Saint Amaro Avenue, 1300.

A scruffy man standing in front of a closed car dealership, takes notice of two glimmering red promotional balls tied to the door.

A police officer steps down from his car, looking at all sides he observes a suspect standing in front of a dealership. The suspect is poorly dressed and barefoot.

A lady sitting on a blue seat inside the bus that has stopped at the bus stop on that avenue, comments with the girl sitting beside her, that there is a dirty beggar standing in front of a closed car dealership.

A man passes by a very dirty man, he holds reaches for his pocket and forms a grip around his wallet, he begins to power walk. Once noticing the parked police vehicle ahead, he feels safe, easing his steps.

A young man attempts to dodge behind the bus that has stopped, the cop he sees ahead brings him discomfort, after all his car is full of drugs that will be sold in the college where he studies.

The shabbily dressed man decides to act, he takes three steps forward, raises his hands and grabs two promotional red balls, he is too quickly fulfilled with the thought that selling these balls will empty his stomach full of air.

A girl alerted the lady beside her on the bus, calling the attention of several passengers to the man who, according to her, is a beggar, and says loudly that he has just stolen something at the dealership.

A young man with the car full of drugs to sell at his college notices the barefoot man running with two red promotional balls, he reverses his car as he sees the police officer coming his way.

The policeman runs and reaches for the scruffy man and slams the gun cable on his head several times. The man who’d been named a beggar by the passengers in the bus fall to the ground, and in front of him the two red promotional balls roll on to the pavement.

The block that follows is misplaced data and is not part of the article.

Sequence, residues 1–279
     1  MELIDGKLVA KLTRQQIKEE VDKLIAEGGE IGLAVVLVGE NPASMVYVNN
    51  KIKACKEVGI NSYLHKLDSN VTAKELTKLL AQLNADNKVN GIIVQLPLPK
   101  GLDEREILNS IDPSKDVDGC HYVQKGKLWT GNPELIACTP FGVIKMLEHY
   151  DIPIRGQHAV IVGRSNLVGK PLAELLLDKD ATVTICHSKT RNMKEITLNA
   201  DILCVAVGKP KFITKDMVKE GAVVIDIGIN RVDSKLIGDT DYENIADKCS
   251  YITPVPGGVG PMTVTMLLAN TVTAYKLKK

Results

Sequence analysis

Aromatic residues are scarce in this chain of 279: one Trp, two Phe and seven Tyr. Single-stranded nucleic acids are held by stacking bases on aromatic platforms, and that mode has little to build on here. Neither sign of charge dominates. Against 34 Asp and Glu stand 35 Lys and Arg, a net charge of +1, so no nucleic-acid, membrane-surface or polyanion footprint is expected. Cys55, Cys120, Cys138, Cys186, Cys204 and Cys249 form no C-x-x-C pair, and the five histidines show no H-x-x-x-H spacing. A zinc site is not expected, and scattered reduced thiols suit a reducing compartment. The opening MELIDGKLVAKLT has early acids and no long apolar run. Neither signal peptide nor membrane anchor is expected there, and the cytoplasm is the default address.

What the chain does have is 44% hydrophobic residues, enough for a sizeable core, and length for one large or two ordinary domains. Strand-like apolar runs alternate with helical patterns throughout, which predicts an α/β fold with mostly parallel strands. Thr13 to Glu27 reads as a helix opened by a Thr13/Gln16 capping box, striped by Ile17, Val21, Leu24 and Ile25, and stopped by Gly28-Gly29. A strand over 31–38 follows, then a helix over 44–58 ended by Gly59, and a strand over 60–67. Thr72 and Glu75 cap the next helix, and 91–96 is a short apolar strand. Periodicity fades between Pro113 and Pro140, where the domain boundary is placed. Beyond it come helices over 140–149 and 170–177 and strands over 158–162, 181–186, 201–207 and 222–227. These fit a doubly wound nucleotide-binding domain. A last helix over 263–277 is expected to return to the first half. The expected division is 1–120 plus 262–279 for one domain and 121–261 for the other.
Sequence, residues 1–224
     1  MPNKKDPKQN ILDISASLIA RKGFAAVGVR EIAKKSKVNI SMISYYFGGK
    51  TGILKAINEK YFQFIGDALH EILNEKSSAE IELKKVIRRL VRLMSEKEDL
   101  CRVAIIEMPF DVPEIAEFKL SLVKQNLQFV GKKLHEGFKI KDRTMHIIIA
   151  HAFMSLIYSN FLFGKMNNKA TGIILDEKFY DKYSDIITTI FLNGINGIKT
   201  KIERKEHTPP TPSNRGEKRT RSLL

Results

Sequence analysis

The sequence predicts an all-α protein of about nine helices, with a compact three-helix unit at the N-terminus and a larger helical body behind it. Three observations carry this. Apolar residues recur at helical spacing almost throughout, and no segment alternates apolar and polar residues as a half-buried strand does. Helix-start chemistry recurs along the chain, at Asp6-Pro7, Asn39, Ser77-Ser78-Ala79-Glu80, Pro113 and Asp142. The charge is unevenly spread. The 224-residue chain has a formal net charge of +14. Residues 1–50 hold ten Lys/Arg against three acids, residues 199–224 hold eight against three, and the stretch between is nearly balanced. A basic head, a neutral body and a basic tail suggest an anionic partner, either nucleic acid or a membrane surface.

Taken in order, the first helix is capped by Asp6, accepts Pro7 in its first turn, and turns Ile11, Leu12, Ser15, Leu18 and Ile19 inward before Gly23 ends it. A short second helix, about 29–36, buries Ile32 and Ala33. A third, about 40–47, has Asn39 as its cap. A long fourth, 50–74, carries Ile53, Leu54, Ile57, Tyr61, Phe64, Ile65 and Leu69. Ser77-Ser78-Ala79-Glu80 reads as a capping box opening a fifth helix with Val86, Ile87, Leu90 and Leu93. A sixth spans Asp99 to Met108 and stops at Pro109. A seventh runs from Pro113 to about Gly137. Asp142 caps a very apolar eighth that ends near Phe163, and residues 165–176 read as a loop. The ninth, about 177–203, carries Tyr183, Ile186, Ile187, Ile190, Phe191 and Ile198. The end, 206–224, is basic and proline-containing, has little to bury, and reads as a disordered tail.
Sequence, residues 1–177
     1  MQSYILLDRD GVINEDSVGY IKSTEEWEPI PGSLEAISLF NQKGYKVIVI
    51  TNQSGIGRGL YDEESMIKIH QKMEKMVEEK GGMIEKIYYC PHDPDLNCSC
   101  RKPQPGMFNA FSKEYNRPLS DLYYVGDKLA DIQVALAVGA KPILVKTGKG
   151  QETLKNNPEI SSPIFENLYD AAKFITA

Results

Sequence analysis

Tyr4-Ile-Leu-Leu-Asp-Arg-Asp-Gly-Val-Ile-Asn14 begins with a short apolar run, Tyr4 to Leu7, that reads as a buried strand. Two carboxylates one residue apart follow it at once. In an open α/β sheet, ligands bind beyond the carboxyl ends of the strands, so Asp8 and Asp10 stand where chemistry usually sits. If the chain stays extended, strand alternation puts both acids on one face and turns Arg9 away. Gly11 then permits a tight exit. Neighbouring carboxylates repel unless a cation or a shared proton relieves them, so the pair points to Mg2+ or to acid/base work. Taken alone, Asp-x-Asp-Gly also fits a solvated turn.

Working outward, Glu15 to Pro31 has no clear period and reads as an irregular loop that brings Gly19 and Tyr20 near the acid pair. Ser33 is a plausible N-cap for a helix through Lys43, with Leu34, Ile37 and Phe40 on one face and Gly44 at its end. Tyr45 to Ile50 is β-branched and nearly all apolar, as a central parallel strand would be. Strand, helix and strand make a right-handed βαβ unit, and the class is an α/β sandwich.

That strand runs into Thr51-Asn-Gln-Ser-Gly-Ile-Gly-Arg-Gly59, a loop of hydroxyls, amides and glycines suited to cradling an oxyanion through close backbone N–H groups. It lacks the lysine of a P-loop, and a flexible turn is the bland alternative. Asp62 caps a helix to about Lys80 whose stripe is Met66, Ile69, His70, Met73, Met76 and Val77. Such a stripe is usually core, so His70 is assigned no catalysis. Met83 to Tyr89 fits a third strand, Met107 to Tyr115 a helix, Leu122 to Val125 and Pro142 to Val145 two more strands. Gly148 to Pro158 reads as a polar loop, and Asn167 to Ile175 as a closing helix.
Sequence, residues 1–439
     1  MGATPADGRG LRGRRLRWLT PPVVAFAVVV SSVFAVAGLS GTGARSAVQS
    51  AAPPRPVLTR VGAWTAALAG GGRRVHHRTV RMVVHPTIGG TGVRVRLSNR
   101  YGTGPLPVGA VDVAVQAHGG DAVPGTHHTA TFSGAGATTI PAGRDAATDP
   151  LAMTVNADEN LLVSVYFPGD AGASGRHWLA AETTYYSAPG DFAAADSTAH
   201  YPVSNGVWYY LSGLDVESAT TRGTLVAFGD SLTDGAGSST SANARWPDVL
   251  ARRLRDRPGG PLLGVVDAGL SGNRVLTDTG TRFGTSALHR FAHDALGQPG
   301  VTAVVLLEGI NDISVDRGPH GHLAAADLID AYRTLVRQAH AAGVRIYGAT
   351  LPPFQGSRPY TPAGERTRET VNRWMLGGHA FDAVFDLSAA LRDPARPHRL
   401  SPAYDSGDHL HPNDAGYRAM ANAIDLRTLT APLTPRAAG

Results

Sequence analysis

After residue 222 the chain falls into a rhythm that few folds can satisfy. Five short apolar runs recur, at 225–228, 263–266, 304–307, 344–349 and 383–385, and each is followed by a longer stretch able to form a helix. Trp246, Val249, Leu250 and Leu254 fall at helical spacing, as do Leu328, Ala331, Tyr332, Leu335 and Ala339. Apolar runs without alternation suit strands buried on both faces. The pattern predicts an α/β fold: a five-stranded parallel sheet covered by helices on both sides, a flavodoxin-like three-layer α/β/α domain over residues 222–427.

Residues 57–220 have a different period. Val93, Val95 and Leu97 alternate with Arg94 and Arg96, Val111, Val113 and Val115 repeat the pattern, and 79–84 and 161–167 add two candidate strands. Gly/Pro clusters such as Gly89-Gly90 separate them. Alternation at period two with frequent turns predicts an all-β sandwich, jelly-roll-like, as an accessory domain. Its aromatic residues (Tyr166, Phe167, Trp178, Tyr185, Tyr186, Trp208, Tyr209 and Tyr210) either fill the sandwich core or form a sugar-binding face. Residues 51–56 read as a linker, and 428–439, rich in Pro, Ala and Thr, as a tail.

The bus driver, who drives the same root for the past eight years, tries to maintain the bus stopped to see the police officer assault the badly dressed man who is lying on the sidewalk with kicks and punches, but the traffic has turned green so he goes through bursting two red promotional balls that laid on the street.

By: Moara Prado


One cup of memory, please.

grandpa hands

He laid still in bed, in a kind of torture, because while the rest of world was fast asleep, he was wide awake all alone. His mind buzzed with every thought in the universe, pondering if he had made the right decision. He closed his eyes and the memories came flowing back to him, the smell of rain and wet earth, fresh mowed grass and coffee, sweet taste of sugar canes and nectarines. His thoughts reached a standstill and his mind went blank. He became more aware of the silence, and it was during this moment that he realised the consequences of his actions. Things would never be the same again. He brushed his hand across his unshaven face, and stood up making his way to the night stand. He searched through the drawers, only to find a handkerchief wrapped around some dirt. He gripped it tightly and walked outside. Seeing nothing but concrete, his heart ached. He spotted a small gap between two tiles, where workers would have labelled it as a mistake, but he saw it as hope. He unwrapped the handkerchief, and it was right then that he planted his very last coffee tree.


The mud that laid scattered over the concrete floor in uneven patches stole my thoughts and carried me somewhere I had not been in years. I barely closed my eyes and immediately there they were, lined up like soldiers, seven thousand coffee trees. Posing like divine fingerprints, curving and changing, no two branches ever the same. In all the world I remember this view to be unique, the dip and sway of the land, the shifting wind and as consequence dancing clouds. Somehow the aroma of sweet coffee had invaded my thoughts and just as I filled my lungs with imaginary scent, I felt his fingers entwine with mine. Time had rewind, I looked up and glanced at his young face, in my mind, we both smiled. We sat on a white hammock that hung from one orange tree to another. As the words came out of his mouth in perfect rhythm, so did the fireflies that gave light to the night. ‘Take them’, he said. ‘Hide them away inside you and wherever you miss me, let them fly’.